Interleukin-18 in Serum Predicts Mortality
Interleukin-18 (IL-18), which plays a central role in the “inflammatory cascade,” is also a strong independent predictor of death from cardiovascular causes in patients with coronary artery disease, according to researchers led by Stefan Blankenberg, MD, of Johannes Gutenberg-University in Mainz, Germany, and INSERM U515, Faculté de Médecine Pitié-Salpétrière, in a report appearing in this week’s issue of Circulation (Circulation. 2002;106:24–30).
In this prospective study of 1229 patients with coronary artery disease, the researchers measured baseline concentrations of IL-18 and monitored patients for a mean of 3.9 years. During that time, 95 of the patients died of cardiovascular causes. The patients who died had median serum IL-18 concentrations of 68.4 pg/mL compared with 58.7 pg/mL in those who survived—a significant difference. Even after adjusting for confounding factors, IL-18 remained a strong predictor of mortality in patients with coronary artery disease, regardless of what their status was at the time they were admitted to the hospital. “This finding strongly supports the possibility, already suggested by experimental work, that inhibiting IL-18 might constitute a new therapeutic strategy for plaque stabilization,” the researchers concluded.
Health Status Predicts Outcome
Low scores on the Seattle Angina Questionnaire, a disease-specific health status measurement for patients with coronary artery disease, were associated with increased risk of mortality and hospital admission for acute coronary syndrome in a study led by John A. Spertus, MD, MPH, of Mid America Heart Institute and University of Missouri–Kansas City (Circulation. 2002;106:43–49). The 5558 patients who enrolled in the study were recruited from 6 internal medicine clinics at Veterans Affairs Medical Centers. All had coronary artery disease, had filled out the questionnaire, and had been monitored ≥1 year. The researchers found that age was the only strong predictor of death and that a history of prior hospitalizations was the only factor that was a stronger predictor of acute coronary syndromes than the Seattle Angina Questionnaire. The authors concluded that the Seattle Angina Questionnaire might serve an important role in stratifying risks for patients with coronary artery disease.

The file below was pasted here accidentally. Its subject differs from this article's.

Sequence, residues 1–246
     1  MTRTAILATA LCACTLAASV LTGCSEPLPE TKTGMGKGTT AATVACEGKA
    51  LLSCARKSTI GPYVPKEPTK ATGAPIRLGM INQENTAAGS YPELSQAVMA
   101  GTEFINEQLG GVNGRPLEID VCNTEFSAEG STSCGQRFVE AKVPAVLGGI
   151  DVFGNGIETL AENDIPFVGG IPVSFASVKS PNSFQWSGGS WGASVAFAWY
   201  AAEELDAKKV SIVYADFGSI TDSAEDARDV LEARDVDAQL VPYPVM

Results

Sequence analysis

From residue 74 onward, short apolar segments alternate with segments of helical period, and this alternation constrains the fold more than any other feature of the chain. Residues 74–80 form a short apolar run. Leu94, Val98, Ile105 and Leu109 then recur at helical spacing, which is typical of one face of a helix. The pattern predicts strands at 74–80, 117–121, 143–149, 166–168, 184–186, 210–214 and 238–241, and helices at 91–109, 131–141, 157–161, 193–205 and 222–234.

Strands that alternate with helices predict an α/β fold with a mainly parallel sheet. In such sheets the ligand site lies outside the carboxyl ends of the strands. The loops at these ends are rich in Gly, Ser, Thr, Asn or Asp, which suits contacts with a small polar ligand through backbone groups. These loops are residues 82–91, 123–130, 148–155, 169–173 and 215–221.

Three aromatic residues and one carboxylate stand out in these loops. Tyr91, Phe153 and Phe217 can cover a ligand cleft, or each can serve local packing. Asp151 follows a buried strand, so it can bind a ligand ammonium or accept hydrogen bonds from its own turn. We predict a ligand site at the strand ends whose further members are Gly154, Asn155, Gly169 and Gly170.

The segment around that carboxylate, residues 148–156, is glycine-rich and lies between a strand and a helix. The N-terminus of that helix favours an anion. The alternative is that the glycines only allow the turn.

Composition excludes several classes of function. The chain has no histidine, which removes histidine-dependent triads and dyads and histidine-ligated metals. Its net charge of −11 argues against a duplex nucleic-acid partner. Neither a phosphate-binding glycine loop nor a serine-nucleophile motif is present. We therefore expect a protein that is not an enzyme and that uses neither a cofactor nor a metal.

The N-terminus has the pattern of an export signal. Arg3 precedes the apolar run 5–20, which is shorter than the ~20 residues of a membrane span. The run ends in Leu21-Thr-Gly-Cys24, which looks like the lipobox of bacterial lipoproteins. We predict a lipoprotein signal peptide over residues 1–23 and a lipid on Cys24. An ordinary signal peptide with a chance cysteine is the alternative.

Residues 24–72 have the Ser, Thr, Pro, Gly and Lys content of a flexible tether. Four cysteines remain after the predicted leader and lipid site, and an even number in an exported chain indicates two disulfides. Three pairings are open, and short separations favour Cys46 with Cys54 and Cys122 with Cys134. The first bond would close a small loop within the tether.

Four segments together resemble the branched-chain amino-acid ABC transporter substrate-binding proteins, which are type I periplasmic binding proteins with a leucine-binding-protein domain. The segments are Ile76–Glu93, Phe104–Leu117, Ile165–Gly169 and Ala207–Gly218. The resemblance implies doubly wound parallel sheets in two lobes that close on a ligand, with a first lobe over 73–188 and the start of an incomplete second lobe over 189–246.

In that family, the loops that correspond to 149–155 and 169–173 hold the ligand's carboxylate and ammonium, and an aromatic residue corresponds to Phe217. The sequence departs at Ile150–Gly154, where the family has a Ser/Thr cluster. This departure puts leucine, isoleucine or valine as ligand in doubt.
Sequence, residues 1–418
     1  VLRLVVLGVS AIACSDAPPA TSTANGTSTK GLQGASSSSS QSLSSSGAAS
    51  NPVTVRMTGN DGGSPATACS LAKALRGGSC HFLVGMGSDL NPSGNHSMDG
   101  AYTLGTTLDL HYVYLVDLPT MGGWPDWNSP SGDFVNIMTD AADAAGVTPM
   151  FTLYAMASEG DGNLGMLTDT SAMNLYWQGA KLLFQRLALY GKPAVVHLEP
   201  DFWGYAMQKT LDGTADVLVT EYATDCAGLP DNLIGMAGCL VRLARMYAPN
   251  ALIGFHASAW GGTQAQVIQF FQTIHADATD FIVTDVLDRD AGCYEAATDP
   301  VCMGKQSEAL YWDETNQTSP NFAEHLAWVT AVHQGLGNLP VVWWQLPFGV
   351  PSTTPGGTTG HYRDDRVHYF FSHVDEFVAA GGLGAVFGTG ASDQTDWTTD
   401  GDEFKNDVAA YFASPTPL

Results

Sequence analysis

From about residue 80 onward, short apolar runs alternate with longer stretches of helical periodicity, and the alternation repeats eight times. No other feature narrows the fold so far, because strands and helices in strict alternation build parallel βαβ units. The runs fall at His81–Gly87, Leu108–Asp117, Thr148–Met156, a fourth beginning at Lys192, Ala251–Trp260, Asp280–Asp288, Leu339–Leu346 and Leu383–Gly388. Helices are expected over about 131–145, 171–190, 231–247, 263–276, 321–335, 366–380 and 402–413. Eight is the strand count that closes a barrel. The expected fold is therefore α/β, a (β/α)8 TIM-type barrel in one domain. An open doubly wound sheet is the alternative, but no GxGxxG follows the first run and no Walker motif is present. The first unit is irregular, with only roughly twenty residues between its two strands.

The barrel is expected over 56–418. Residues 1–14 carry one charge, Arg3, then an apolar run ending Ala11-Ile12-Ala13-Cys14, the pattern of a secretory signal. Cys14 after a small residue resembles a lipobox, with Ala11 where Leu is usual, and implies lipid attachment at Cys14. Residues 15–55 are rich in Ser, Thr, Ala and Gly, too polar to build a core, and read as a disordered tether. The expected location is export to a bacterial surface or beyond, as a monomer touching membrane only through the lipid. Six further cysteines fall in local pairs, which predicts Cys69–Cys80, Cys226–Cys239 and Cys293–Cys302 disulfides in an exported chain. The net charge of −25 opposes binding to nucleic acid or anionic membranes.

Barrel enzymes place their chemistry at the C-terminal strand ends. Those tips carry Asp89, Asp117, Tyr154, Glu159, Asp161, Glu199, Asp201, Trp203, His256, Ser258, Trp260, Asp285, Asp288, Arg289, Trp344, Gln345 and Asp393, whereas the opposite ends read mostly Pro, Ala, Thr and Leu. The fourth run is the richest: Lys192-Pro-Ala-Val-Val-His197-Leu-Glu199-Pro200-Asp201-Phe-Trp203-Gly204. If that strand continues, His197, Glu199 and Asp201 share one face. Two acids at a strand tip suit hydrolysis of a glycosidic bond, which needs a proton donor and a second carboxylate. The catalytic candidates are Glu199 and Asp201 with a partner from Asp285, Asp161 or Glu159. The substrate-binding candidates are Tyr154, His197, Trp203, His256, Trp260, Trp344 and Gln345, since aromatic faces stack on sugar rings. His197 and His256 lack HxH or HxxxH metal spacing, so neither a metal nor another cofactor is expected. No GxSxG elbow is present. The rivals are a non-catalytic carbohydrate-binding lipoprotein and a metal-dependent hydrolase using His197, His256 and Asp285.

In an accompanying editorial (Circulation. 2002;106:5–7), John S. Rumsfeld, MD, PhD, of the University of Colorado Health Sciences Center in Denver, quoting the Institute of Medicine’s Committee on Quality Healthcare in America, noted that “patient-centered care gives patients opportunities to be ‘involved in medical decision making,’ and guides care providers ‘in attending to their patients’ physical and emotional needs, and maintaining or improving their quality of life.’” He noted that the study by Dr Spertus and colleagues supports “adding health status measurement to our current clinical armamentarium. Using health status data in clinical practice can provide a way for patients to participate further in their care, in this case by providing information useful in their risk stratification.”
He noted, however, that the study does not prove that standardizing measurements of health status does not translate into better patient outcomes. “This is an important focus for future research in this field.”
Limiting Smallpox Vaccination
Ever since the rash of anthrax cases that raised fears of bioterrorism in the wake of the tragedy of September 11, 2001, public health officials and the public have been haunted by the specter of the release of the virus that causes smallpox, against which few in the US population have had any protection since the disease was declared eradicated in 1980.